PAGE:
It must be pointed out that tombstones are not very good indicators for the presence of a military unit. This is because the highly-trained soldiers in a legion, particularly the centurions and other non-commissioned officers, were very much in demand, and were often posted to other legions or auxiliary units in order to train recruits, oversee building operations, or to act in some other advisory capacity. There is no way to tell if the legions mentioned on the tombstones shown above were actually present at the Lincoln fortress, because the individuals involved may have been temporarily posted here from another unit. There is a further complication caused by the establishment of the colonia, which would have accepted veteran soldiers from all of the British legions, thus the epitaphs may belong to veteran colonists, again negating the need for their respective units to be actually stationed here at any time.
Colonia Domitiana Lindensium
A Colonia was established during the reign of the notorious emperor Domitian in the late 90s for demobilized veterans, who occupied the evacuated fortress, the site of the old praetorium being used for the new, timber-built forum and basilica.
The colonists almost immediately strengthened and embellished the old fortress with a stone cladding four feet (1.2 metres) thick along the entire outer wall of rampart. The gates were also clad in stone at this time. The work was not very well realized however, as no foundations had been used, and part of the wall overlay the legionary ditch, which had been hastily in-filled. As a result of this shoddy workmanship, the newly-built colonia walls soon began to lean outwards.
All four gateways were re-built on a monumental scale in c.220-30AD. A major part of the west gate from this period survives to this day, incorporated into the defences of the later Norman castle and forming its principal north-western entrance. It is thought that the earlier ‘jerry-built’ stone outer walls of the colonia were re-visited at the same time the monumental gateways were constructed, some-parts being strengthened and refurbished, other parts being completely rebuilt.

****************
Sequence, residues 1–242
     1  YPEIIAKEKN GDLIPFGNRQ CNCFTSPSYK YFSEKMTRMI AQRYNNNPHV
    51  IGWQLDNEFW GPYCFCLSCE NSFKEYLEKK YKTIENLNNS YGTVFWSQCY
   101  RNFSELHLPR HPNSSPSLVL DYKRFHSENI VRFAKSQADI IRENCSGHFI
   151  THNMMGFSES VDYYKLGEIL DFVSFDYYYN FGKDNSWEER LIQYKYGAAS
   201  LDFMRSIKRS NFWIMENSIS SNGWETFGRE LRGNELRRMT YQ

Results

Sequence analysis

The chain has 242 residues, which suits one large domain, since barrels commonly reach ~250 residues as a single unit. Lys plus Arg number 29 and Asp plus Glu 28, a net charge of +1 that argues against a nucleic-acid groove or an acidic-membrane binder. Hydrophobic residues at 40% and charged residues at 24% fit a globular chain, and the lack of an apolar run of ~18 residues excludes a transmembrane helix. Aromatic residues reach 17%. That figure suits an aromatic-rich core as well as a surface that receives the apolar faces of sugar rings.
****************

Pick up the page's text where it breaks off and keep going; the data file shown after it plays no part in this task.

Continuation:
The Adjoining Civil Settlement
A settlement consisting mainly of native Coritanian Britons and skilled artisans from further afield, had been established to the south of the fortress since the late first century, forming a canabae between the south wall of the fortress and the River Witham. The civil settlement continued after the legionary fortress had been abandoned, and since the founding of the colonia had spread downhill thoughout the second century.
In the early third century (c.200AD) the adjoining civil settlement was enclosed by a low rampart and ditch, which extended south from the south-east and south-west corners of the fortress almost down to the river. At first these defences were backed by a simple wooden palisade or fence, set about ten feet behind the rampart, which was later augmented by the addition of a narrow wall atop the bank. With the additional area thus enclosed, the size of the colonia was more than doubled to about 100 acres (40 hectares).
In addition to the colonia in the old fortress and the walled town to the south, there were extensive suburbs outside the north, east and west gates of the old fortress, and outside the gates set roughly central in the east and west walls of the lower town.
A small settlement on the south side of the River Witham extended along either side of Ermine Street for over half a mile (1 kilometre). This later developed into a major industrial centre.
Some Roman Tombstones from Lincoln
RIB251 - Funerary inscription for Flavius Helius
FL HELIVS NATI